RIYADH (Reuters) - Senior Saudi Arabian prince Miteb bin Abdullah, once seen as a leading contender to the throne, has been freed after agreeing to pay over $1 billion to settle corruption allegations against him, a Saudi official said on Wednesday.
Miteb, 65, son of the late King Abdullah and former head of the elite National Guard, was among dozens of royal family members, high officials and senior businessmen rounded up this month in a crackdown on graft that has strengthened the power of Crown Prince Mohammed bin Salman.
The official, who is involved in the crackdown and spoke on condition of anonymity, said Miteb was released on Tuesday after reaching “an acceptable settlement agreement”. The official said he believed the agreed sum to be the equivalent of over $1 billion.
“It is understood that the settlement included admitting corruption involving known cases,” the official said, without giving details.
According to the official, Prince Miteb was accused of embezzlement, hiring ghost employees and awarding contracts to his own firms, including a deal for walkie talkies and bulletproof military gear.
Prince Miteb is the first senior figure known to be released among those detained. Around 200 people in total have been questioned in the crackdown, authorities said earlier this month.
The allegations, which include kickbacks, inflating government contracts, extortion and bribery, could not be independently verified.
Saudi authorities, who estimate they could eventually recover around $100 billion of illicit funds, have been working on reaching agreements with suspects detained at Riyadh’s luxurious Ritz Carlton hotel, asking them to hand over assets and cash in return for their freedom.
Apart from Miteb, the Saudi official said that at least three other suspects had finalised settlement agreements and that the public prosecutor had decided to release several individuals.
The prosecutor has decided to put at least five people on trial, the official said without disclosing their identities.
The fate of billionaire Prince Alwaleed bin Talal, chairman of investment firm Kingdom Holding and one of Saudi Arabia’s most prominent international businessmen, was not known.
Kingdom issued a statement earlier this month saying it was continuing to operate normally but has not responded to queries about his status since he was detained early this month.
Two Saudi sources told Reuters that Prince Alwaleed has so far refused to reach a settlement and had asked for access to his lawyer in order to fight allegations against him.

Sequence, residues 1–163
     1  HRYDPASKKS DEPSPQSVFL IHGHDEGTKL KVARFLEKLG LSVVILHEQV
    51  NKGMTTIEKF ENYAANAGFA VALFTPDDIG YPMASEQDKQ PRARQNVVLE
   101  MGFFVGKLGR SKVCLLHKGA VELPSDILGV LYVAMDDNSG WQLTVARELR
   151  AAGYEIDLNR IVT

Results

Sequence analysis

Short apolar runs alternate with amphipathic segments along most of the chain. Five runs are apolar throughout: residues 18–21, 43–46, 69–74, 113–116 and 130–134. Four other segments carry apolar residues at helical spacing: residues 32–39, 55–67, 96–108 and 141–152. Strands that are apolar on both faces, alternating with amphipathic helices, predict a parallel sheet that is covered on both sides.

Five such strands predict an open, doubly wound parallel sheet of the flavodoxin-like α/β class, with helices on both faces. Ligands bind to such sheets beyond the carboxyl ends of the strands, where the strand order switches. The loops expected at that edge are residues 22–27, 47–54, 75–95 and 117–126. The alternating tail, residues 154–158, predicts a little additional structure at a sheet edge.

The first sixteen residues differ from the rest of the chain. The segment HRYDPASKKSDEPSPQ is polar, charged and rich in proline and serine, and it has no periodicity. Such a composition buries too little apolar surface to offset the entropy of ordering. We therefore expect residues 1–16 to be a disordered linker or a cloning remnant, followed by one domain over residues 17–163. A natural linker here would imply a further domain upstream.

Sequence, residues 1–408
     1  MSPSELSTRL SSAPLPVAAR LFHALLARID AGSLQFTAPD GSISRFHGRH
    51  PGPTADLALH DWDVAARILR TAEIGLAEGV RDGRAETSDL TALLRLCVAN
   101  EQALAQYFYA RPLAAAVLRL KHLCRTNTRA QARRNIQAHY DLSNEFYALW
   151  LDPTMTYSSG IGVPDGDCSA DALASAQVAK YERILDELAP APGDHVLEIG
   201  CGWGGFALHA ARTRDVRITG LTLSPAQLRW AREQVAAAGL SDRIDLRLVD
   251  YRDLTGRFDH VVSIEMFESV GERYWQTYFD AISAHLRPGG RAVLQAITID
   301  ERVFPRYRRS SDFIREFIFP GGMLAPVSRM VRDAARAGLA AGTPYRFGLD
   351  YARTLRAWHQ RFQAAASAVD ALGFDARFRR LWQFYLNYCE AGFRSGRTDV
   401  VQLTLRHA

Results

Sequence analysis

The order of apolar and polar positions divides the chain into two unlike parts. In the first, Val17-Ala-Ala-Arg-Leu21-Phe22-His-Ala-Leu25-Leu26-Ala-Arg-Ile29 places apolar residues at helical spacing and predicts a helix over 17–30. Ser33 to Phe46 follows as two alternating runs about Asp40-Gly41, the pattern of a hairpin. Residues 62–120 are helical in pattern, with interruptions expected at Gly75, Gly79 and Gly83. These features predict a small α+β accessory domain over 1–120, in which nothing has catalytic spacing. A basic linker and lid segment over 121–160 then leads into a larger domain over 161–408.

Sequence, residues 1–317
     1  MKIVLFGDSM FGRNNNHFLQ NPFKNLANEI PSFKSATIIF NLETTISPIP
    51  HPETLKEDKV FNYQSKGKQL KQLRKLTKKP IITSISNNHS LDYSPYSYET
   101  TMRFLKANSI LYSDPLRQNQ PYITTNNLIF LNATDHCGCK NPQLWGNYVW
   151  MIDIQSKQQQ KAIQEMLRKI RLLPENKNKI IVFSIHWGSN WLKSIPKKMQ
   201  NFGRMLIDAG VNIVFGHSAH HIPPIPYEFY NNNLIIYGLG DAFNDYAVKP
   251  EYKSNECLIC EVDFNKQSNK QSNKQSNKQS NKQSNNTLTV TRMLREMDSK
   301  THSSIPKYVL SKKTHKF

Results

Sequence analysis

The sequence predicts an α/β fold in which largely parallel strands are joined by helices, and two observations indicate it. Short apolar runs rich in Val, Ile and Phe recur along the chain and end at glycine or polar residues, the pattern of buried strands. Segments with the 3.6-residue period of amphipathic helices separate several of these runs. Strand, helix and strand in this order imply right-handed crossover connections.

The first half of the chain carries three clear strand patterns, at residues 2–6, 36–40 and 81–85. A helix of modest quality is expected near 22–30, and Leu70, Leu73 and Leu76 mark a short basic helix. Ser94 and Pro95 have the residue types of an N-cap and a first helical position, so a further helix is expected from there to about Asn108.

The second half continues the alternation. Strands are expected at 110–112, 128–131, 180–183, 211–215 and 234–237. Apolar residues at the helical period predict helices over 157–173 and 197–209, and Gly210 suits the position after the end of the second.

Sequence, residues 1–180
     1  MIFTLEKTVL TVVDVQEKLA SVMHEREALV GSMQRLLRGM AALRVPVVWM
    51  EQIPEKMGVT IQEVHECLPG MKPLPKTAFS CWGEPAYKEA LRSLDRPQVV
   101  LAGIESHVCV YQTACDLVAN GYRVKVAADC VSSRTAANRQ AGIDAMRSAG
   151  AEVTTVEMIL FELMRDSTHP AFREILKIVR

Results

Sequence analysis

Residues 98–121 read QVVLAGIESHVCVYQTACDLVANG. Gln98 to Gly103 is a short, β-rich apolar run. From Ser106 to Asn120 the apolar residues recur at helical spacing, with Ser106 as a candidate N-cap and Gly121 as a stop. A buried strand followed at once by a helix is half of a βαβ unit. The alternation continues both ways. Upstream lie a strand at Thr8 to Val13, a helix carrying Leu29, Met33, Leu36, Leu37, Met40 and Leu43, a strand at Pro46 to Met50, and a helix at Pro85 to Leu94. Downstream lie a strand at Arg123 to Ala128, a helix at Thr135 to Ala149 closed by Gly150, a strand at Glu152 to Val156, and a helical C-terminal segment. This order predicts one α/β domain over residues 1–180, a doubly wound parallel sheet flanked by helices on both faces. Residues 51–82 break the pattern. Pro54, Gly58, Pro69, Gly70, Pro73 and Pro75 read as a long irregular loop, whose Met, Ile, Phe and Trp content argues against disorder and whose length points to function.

Relatives, his lawyer and officials in his office could not be contacted to comment.
Saudi Arabia’s stock market, where many investors have been alarmed by the corruption probe, rose after news of the settlements by Prince Miteb and others. The main index was trading 0.4 percent higher around midday on Wednesday.
The settlements may mean authorities can soon wind down parts of the probe, reducing the risk of damage to the economy through the freezing of hundreds of bank accounts, and easing the danger that firms linked to detainees could be affected.
Officials from Prince Miteb’s office could not be reached for comment about his release, and it was unclear if he was able to move freely or whether he would be put under house arrest.
An acquaintance of the family said earlier on his Twitter account that Prince Miteb was receiving brothers and sons at his palace in Riyadh.
The arrests of royals and top businessmen have been welcomed by many Saudis who are frustrated by corruption, but the crackdown is also seen by many people as a pre-emptive step by Prince Mohammed to remove any possible challenge to his control over the world’s top oil exporting country.
The round-up follows a meticulously planned palace coup in June through which Prince Mohammed ousted his elder cousin Prince Mohammed bin Nayef as heir to the throne.
Prince Miteb, as overlord of the 100,000-strong National Guard, represented the last great competing power centre left after the toppling of Prince Mohammed bin Nayef. In September, religious and intellectual critics of the government were jailed.
Reporting by Samia Nakhoul Writing by Sami Aboudi and Andrew Torchia; Editing by Michael Georgy and Raissa Kasolowsky